How colleges are creating sustainable business models while upticking student support programs

"Part of DePauw's strategic plan as a flourishing university is recognizing and acknowledging that changes have to occur for us to remain healthy and flourishing," says Andrea Young, vice president for finance and administration at DePauw University in Indiana.

The demands placed on colleges and universities have evolved beyond providing a world-renowned education. Schools today vying to win applicants over must toe the line between investing in top-notch student support programs and keeping their degrees affordable all while sustaining long-term economic health.

Research by the Lumina Foundation found that providing advisers across academics, finances, mental health and other services is essential for the post-pandemic college cohort. However, this growing facet of higher education intersects with the public’s growing disdain for the degree’s price tag.

As a result, colleges have had to develop sustainable strategies to ensure they can continue spending money on student support and tuition assistance programs while ensuring their own financial viability.

“We’re seeing all kinds of votes of no confidence, all kinds of faculty uproar about changes due to business factors,” says Andrea Young, vice president for finance and administration at DePauw University (Ind.). “Part of DePauw’s strategic plan as a flourishing university is recognizing and acknowledging that changes have to occur for us to remain healthy and flourishing.”

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DePauw embraces consortiums, cost-cutting and new revenue models

DePauw is implementing a five-year strategic plan that promises to revamp its liberal arts education model. The foundation of its commitment is to provide a modern, robust catalog of student success advisers and alumni engagement opportunities.

But spending more money than one currently has is easier said than done, says Young. To support the development of new programs, DePauw had to draw on a wide range of strategies to ensure they could be funded without hurting the institution.

With the demand for mental health resources climbing, many institutions must reckon with hiring more counselors or contracting telehealth services. In response, DePauw joined MINDful College Connections, a shared-resource consortium for student mental health. Other members include the Rose-Hulman Institute for Technology and Saint Mary-of-the-Woods College.

“I truly believe [consortiums are] the way of the future for small private higher ed institutions,” says Young.

While the consortium helped DePauw’s dollar go farther, it also underwent a seven-month evaluation of its total expenses and cut costs that didn’t align with its five-year plan. Some programs were cut entirely, such as student employment for those who don’t demonstrate financial need through the FAFSA.

Lastly, DePauw draws on revenue that falls outside the typical range of an academic institution. The university operates several businesses in the city of Greencastle, including an inn, a theatre and a bookstore downtown. “When the town of Greencastle is successful, it allows us to generate additional revenue through our revenue-generating enterprises located within the town of Greencastle.”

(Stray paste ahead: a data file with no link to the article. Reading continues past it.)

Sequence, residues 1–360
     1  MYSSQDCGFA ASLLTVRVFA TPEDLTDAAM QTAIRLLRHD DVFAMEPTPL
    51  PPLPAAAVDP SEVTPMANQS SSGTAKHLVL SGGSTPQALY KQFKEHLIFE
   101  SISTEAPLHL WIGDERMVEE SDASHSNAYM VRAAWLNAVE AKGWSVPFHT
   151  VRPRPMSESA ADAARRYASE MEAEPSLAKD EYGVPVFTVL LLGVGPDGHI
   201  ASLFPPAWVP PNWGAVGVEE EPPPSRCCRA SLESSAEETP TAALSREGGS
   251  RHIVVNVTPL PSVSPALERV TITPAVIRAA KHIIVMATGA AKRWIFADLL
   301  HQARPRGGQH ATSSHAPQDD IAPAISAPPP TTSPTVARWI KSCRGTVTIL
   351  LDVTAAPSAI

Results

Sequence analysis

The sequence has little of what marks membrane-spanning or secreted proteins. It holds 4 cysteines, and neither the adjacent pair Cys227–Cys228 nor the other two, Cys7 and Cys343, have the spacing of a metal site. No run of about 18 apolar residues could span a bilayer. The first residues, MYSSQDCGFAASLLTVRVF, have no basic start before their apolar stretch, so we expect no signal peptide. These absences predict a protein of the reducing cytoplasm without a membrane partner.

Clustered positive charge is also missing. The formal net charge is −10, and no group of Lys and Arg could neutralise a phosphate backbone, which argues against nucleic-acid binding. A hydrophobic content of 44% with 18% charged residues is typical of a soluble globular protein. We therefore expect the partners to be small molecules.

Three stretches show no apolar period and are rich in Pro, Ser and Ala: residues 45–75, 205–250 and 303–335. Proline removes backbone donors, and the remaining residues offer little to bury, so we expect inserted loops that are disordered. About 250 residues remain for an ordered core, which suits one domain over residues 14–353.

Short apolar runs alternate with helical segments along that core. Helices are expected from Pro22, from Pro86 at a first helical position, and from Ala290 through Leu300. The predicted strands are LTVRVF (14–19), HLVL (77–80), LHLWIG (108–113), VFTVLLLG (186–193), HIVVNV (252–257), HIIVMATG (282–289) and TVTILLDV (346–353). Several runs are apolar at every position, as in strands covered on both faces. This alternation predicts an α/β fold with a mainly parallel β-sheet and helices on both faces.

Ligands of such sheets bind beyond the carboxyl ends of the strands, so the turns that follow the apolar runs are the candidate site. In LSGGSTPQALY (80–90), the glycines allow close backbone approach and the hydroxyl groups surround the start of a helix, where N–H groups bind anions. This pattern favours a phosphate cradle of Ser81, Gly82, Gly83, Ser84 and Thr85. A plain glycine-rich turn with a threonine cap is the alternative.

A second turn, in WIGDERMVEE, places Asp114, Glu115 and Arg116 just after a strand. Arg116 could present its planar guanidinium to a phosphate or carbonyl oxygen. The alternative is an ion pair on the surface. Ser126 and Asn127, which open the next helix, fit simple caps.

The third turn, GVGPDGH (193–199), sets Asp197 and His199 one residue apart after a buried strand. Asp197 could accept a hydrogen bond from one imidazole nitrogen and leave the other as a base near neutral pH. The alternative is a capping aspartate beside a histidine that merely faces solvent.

It’s currently speaking with developers to test the market on what other kinds of additional stores and housing opportunities they could provide between campus and downtown Greencastle.

As resourceful as DePauw has been to create a sustainable long-term strategy, Young recognizes the “luxury” her institution has, drawing from a deep well of endowment. Other universities, however, still found a way to make their student support programs work regardless.

Creating a sustainable tuition-free program at the University of Central Arkansas

This fall, the University of Central Arkansas (UCA) announced that in-state students whose household incomes are less than $100,000 will not have to pay any tuition as they pursue their degrees. While not the first institution to launch such a program, UCA is a regional public university in a state with a median family income of around $52,000.

“It’s mostly going to serve all of its students; they’re making a huge commitment,” says Khadish Franklin, managing director at EAB who helped UCA create the sustainable tuition-free model. “This isn’t like a Duke, whose [tuition-free program] is serving a very small population of its students.”

UCA may not draw from a large endowment, but it did run a $100 million fundraising campaign that reached its mark almost a year before deadline.

However, UCA also blended efficient strategies with the help of EAB to ensure it can support its under-resourced students for the years to come. In collaboration with EAB, UCA, like DePauw, parsed through each department’s budget and reprioritized its spending to align with its commitment to student success most efficiently.

Secondly, before UCA covers students’ tuition bills, it ensures students and parents are well aware of all the scholarship and tuition assistance opportunities available to them before entering the UCA Commitment, a last-dollar program.

“A lot of students are going to school leaving money on the table and making sacrifices that they don’t have to,” Franklin says. “There are students who can be served by these programs who otherwise opt out of applying because they’re making the assumption they cannot afford to go.”

Alcino Donadel
Alcino Donadel
Alcino Donadel is a UB staff writer and first-generation journalism graduate from the University of Florida. His beats have ranged from Gainesville's city development, music scene and regional little league sports divisions. He has triple citizenship from the U.S., Ecuador and Brazil.

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